265w ago - When it comes to technology debacles, every major company has a few (remember the Newton?), but right now one of the top spots has to go to Windows Vista, Microsoft's clunky operating system that has IT shops and consumers desperately clutching at XP for as long as they can.
Jason Hiner over at Tech Republic thinks there may be a light at the end of the Vista tunnel; he predicts IT shops and consumers will have a chance within the next year to upgrade to a cleaner, more modular version of Windows Vista under the Windows 7 moniker.
It won't be a completely new OS but rather a more streamlined version of Vista. He also suggests the pricing for consumers will be lower in an effort to win back those who are turning to Macs.
This could be another step by Microsoft toward shedding cumbersome release cycles and creating software that can be updated every year or so via a subscription model. Hiner lays out a nice case, and as a consumer who once was stuck with a laptop running Windows ME, I have to hope that before the third strike (Vista being the second), Microsoft can score a hit.
266w ago - Appro said it has started with the installation of a new AMD Barcelona B3-based supercomputer at the Renault F1 HQ in Enstone. Appro won the contract in early March, just before the new racing season started: The system not only highlights the increasing investments in computer design and simulation in Formula 1, but also stresses the rivalry between AMD and Intel in this small but very prestigious market segment.
Formula 1 is a serious and very cash-heavy business. Sports car manufacturers such as Ferrari as well as mainstream companies such as BMW, Renault or Toyota leverage their successes in this racing series to transfer technology and enthusiasm into their commercial lineup.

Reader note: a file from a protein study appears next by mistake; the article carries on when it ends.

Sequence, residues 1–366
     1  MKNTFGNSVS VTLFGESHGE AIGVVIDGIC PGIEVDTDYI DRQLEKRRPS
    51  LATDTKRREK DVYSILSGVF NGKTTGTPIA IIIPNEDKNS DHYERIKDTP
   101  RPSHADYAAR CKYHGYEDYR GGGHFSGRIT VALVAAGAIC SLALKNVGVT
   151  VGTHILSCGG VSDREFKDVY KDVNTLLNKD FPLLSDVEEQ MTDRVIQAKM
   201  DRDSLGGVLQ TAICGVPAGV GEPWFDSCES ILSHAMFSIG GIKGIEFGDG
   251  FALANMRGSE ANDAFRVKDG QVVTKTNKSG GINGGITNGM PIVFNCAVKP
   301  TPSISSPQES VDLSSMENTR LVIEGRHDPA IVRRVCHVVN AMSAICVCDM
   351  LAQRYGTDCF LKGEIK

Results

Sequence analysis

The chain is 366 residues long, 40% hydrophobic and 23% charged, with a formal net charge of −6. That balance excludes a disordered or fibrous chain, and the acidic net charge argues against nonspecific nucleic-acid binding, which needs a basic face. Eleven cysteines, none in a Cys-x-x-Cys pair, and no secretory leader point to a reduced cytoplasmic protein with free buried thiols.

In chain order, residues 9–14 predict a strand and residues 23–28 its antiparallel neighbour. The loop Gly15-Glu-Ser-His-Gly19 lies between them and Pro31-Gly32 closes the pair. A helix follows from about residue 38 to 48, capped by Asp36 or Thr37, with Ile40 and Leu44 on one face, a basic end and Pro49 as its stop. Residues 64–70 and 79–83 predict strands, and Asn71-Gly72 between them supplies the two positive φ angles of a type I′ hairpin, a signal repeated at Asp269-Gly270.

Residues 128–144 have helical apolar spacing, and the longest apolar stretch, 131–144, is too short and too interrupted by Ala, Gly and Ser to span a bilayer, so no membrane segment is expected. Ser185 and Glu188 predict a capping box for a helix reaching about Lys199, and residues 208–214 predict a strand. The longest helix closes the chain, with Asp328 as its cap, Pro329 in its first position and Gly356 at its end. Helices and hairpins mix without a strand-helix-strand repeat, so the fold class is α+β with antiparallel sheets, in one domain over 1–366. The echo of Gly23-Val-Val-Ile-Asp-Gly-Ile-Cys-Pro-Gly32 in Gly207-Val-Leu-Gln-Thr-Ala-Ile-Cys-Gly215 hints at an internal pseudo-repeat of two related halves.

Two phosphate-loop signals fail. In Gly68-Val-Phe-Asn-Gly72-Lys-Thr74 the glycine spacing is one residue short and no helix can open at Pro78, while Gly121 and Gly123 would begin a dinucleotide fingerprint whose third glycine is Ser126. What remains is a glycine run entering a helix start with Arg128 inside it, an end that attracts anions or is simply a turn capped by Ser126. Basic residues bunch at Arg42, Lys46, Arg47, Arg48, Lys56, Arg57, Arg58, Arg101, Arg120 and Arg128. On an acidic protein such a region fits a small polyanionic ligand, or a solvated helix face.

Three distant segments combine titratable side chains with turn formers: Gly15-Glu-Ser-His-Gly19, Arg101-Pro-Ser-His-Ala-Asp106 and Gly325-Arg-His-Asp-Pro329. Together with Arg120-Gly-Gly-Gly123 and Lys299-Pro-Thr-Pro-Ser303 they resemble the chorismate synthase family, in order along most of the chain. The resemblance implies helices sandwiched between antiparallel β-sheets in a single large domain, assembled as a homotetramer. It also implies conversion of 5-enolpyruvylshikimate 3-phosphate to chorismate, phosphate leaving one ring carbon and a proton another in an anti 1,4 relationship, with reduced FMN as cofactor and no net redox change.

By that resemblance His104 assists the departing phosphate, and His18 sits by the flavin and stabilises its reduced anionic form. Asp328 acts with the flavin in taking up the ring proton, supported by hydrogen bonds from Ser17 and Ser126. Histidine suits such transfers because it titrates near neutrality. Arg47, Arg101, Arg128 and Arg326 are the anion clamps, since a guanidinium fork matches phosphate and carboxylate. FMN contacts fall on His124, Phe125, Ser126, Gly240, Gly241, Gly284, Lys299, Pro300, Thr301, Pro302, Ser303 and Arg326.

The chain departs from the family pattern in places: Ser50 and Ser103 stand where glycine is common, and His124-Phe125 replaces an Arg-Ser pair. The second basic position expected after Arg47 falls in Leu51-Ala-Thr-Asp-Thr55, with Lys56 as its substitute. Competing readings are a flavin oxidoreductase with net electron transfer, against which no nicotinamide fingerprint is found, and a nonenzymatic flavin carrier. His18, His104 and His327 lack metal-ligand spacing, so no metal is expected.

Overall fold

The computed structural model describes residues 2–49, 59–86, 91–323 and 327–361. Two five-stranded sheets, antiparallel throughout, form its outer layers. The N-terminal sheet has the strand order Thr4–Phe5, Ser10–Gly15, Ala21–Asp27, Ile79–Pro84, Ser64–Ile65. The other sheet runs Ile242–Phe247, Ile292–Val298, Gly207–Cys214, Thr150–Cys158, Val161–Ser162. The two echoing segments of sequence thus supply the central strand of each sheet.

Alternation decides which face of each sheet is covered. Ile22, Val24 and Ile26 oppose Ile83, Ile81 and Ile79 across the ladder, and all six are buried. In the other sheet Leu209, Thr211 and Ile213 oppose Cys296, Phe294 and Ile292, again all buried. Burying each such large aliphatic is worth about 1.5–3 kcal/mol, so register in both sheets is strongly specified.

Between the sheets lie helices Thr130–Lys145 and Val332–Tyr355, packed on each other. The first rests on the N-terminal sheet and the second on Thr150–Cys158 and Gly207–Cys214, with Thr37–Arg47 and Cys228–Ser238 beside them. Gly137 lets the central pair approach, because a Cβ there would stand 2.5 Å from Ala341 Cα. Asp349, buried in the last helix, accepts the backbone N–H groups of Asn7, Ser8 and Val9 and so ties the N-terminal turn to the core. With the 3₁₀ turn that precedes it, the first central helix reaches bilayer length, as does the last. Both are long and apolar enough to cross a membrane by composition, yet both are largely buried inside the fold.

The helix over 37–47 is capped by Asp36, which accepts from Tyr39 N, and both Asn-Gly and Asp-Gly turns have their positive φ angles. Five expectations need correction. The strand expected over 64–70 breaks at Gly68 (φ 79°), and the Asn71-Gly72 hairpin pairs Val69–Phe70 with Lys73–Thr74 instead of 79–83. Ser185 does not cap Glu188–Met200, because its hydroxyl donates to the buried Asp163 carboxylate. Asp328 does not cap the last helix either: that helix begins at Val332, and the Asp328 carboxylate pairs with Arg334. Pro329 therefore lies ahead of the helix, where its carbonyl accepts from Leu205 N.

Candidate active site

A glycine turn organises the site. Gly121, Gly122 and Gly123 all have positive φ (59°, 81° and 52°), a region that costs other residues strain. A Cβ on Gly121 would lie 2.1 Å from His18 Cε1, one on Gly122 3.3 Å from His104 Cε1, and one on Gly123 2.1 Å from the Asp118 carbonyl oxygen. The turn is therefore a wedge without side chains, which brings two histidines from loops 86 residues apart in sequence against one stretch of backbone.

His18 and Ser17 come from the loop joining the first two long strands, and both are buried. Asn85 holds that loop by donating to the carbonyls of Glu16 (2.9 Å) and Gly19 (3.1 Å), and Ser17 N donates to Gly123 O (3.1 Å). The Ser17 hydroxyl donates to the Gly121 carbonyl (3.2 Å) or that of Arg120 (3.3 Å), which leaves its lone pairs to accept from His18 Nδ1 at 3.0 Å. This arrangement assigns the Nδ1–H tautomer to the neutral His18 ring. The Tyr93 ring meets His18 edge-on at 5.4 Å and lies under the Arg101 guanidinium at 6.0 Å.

The top teams invest several hundred millions of dollars per season to be able to stay on top. Lots of that money goes into the design and development of racecars that are being fine-tuned for each racetrack. Supercomputers are increasingly important for teams as racecars are fine tuned for each racetrack and more simulations are likely to result in a better setup of a car.
The ING Renault F1 Team recently decided to buy a 36 TFlops system consisting of 1024 sockets (Socket 1207+) for AMD quad-core Opteron processors, resulting in 4096 K10 cores being deployed. Overall, Renault acquired eight Racks, each with 128...
266w ago - Mobiles are getting more powerful and sophisticated, and so are the games you can play on them.
No more Tetris or Space Invaders. Soon even old shooters Doom will seem outdated, as phones are able to handle better graphics and bigger levels.
Here are some games we reckon are worth a look. You can download them from your mobile provider if available.
Pro Bike Racing
If you've ever felt the need to hurtle round a track at speeds around 200km/h while on your mobile phone, then Pro Bike Racing could be the title for you.
While the controls seem too awkward to begin with, they eventually become easier to use, and are kept at a very user-friendly level. Combine this with the racing line provided on the two lower levels and in no time you'll be speeding around the track in both single-player and championship mode, with both modes allowing you to unlock more tracks, bikes and riders.